Marc Caputo at the Miami Herald noticed something in a press conference featuring actor Ben Stein and Discovery Institute spokesperson Casey Luskin. It had to do with what, precisely, could be taught as protected speech under bills currently filed in the Florida legislature if they became law.
The religiously tinged evolution-questioning theory of Intelligent Design could more easily be brought up in public-school science classrooms under a proposed ”academic freedom” legislation being pushed by conservative lawmakers.
And it’s not just the ACLU saying it anymore.
A leading voice for the Intelligent Design movement acknowledged as much Wednesday by saying that the theory constitutes ”scientific information,” which the bill expressly and repeatedly says teachers should present in questioning and criticizing evolution without fear of persecution.
The remarks by Casey Luskin, an attorney with the Seattle-based Discovery Institute, were made during a press conference with actor-columnist-speechwriter-gameshow host Ben Stein, who’s exhibiting a documentary in support of the legislation.
The bill was drafted after the state Board of Education voted last month to include repeated mention of evolution and natural selection in state science standards for the first time in state history. The bill expressly bans the teaching of religious theories — which a federal court has ruled Intelligent Design is.
The Discovery Institute doesn’t want, it says, mandated teaching of “intelligent design”. They do want teachers and students to have complete immunity for bringing “intelligent design” creationism into science classrooms, either as “scientific information” or as simple disruptive tactics to distract from the curriculum that will express the recently adopted standards.
The only reason the Discovery Institute makes a big deal about not “mandating” instruction in “intelligent design” creationism (IDC) is that a law doing so could be challenged immediately without waiting for it to actually affect a classroom. By relying upon the known demographic that 30% or so of science teachers would be totally on board with slipping in bogus old religiously-motivated antievolution arguments, like the content of “intelligent design” creationism, the Discovery Institute is able to recruit a substantial proportion of science teachers into providing lawsuit fodder at some later time. Add on to that the fact that in many cases even if a teacher is blatantly proselytizing in a classroom, it is often difficult to find someone with standing that wants to go through the process of becoming a plaintiff. By not “mandating” IDC, they get a chunk of science teachers purposely passing their anti-science drivel on to children, most of whom will never be challenged as they should be.
The falsely so-called “academic freedom” bills aim to maximize the proportion of teachers that will participate in the Discovery Institute miseducation scheme and to extend the strategy to also recruit children into being as disruptive as possible whenever evolutionary science is a topic in a classroom. There’s already evidence that this is exactly what the DI wants in the PDFs they offer of what they think of as poser questions to be printed on labels and stuck in school biology textbooks. This, by the way, is also standard operating procedure for young-earth creationist advocacy groups, who urge parents to prepare their children to loudly challenge their teachers whenever evolution is mentioned in class.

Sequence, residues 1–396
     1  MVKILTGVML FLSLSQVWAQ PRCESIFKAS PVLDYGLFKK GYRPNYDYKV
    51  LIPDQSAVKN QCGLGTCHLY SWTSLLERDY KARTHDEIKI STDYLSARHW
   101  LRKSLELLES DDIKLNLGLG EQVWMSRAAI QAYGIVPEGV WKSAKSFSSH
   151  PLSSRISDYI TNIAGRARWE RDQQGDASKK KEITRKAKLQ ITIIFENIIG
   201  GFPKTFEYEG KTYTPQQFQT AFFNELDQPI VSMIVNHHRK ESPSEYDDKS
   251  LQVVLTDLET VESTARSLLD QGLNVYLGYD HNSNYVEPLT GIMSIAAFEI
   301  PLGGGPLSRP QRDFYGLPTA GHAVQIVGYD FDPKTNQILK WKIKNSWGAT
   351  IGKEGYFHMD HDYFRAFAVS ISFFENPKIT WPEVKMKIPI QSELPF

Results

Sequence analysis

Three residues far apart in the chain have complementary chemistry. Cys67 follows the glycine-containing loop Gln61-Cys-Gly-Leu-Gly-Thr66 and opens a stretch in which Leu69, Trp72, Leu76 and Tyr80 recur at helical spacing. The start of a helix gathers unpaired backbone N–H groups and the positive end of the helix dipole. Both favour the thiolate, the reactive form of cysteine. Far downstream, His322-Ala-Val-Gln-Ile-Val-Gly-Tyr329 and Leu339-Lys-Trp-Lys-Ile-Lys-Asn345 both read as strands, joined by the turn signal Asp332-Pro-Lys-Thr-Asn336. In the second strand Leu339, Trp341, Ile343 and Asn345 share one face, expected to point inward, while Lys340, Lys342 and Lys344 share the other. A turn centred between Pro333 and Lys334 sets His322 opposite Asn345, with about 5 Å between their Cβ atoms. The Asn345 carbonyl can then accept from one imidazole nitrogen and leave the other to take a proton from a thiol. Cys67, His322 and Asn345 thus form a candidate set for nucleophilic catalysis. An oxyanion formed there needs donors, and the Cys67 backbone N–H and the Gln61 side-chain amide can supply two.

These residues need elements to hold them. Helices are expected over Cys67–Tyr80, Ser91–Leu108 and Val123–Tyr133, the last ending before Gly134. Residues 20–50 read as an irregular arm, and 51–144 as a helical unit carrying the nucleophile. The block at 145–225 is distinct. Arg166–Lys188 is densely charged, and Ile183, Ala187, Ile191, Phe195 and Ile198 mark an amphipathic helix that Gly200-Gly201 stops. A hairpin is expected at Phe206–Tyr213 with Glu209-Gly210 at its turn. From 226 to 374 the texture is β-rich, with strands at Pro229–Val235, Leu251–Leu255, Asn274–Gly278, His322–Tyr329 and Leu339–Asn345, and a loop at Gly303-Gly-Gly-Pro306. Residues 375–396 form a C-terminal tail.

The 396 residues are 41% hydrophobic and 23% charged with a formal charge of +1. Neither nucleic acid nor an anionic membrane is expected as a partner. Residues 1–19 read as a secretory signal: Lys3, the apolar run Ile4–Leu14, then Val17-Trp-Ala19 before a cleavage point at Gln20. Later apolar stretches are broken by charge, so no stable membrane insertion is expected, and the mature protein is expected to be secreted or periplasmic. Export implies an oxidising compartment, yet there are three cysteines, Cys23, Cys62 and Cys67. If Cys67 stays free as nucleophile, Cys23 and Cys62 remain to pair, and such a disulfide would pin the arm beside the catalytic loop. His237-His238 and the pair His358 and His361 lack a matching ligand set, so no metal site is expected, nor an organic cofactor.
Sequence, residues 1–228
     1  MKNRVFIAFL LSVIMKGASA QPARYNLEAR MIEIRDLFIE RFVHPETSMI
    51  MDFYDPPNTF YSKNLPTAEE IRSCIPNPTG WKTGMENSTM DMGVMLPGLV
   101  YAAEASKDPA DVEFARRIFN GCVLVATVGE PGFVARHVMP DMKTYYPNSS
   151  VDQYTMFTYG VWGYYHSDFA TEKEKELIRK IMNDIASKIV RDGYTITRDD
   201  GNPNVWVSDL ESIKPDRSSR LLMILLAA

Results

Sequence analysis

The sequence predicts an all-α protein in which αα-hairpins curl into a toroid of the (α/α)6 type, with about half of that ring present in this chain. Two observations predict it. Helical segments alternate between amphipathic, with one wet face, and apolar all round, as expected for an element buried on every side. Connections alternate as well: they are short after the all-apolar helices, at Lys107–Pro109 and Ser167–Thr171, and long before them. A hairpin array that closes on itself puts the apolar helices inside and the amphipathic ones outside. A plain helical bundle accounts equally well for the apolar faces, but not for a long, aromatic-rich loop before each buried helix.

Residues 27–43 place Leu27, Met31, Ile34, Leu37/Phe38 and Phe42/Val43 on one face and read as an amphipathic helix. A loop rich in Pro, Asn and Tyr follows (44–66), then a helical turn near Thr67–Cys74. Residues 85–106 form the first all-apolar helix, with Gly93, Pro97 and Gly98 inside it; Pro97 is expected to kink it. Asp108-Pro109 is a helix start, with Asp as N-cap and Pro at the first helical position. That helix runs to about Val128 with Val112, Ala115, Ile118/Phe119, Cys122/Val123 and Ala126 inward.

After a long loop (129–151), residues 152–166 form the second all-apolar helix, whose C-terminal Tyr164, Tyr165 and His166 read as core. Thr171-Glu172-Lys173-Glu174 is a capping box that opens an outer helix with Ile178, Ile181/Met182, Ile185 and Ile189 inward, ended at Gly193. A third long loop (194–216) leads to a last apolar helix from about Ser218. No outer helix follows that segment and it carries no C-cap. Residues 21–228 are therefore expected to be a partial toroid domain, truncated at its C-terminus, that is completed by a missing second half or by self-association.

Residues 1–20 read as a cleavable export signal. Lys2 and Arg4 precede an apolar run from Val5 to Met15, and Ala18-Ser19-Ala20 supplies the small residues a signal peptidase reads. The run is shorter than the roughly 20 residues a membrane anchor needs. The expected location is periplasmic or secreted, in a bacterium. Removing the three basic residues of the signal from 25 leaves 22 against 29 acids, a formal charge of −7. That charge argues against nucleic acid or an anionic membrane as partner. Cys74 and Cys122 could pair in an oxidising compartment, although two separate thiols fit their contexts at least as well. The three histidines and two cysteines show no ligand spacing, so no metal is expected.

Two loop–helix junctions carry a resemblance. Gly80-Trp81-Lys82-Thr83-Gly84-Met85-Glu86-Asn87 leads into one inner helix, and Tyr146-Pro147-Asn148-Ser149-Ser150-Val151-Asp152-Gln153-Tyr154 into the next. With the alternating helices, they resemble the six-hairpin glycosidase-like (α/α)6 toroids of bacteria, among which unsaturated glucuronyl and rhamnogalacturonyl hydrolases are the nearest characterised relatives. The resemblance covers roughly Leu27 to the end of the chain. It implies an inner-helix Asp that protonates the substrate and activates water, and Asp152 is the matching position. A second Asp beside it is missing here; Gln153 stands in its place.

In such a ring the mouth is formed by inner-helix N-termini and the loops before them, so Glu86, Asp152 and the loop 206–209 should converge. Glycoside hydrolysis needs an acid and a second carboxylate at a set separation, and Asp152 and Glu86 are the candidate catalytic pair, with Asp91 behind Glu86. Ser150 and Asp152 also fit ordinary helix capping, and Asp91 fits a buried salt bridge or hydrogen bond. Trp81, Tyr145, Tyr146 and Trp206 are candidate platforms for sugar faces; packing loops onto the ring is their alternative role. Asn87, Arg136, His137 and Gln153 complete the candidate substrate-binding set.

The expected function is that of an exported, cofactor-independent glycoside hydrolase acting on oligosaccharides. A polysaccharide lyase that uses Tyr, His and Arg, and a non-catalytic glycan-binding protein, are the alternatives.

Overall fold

The bills should be termed more accurately “academic irresponsibility” bills. The only purpose served is to spread confusion about the content and nature of science and to inculcate a distrust of science — and scientists — within students.
While Caputo is to be commended for the catch on Luskin letting slip the fact that the Discovery Institute believes that “intelligent design” creationism will be protected under either of the “academic irresponsibility” bills being considered, he did give them a pass on being the original source of the draft bill that two legislators filed versions of. That’s right, this entire kerfluffle is being engineered and orchestrated from Seattle, Washington. The various actions that we’ve seen of antievolution advocates spouting off about “academic freedom” during the science standards revision process has the DI fingerprints all over it. They have obvious “plants” in place, including “intelligent design” creationist advocate Fred Cutting, who acted as the conduit for an alternative draft of the science standards that would have incorporated the DI’s academic irresponsibility notions. It’s not like this information is going to go undiscovered if any such case goes to court. The contacts with the Discovery Institute will be a primary item for the legal discovery process to uncover at that time. At that point, we’ll be seeing Barbara Forrest or another expert witness who will testify as to the DI’s long plans for their governing goal:
To replace materialistic explanations with the theistic understanding that nature and human beings are created by God.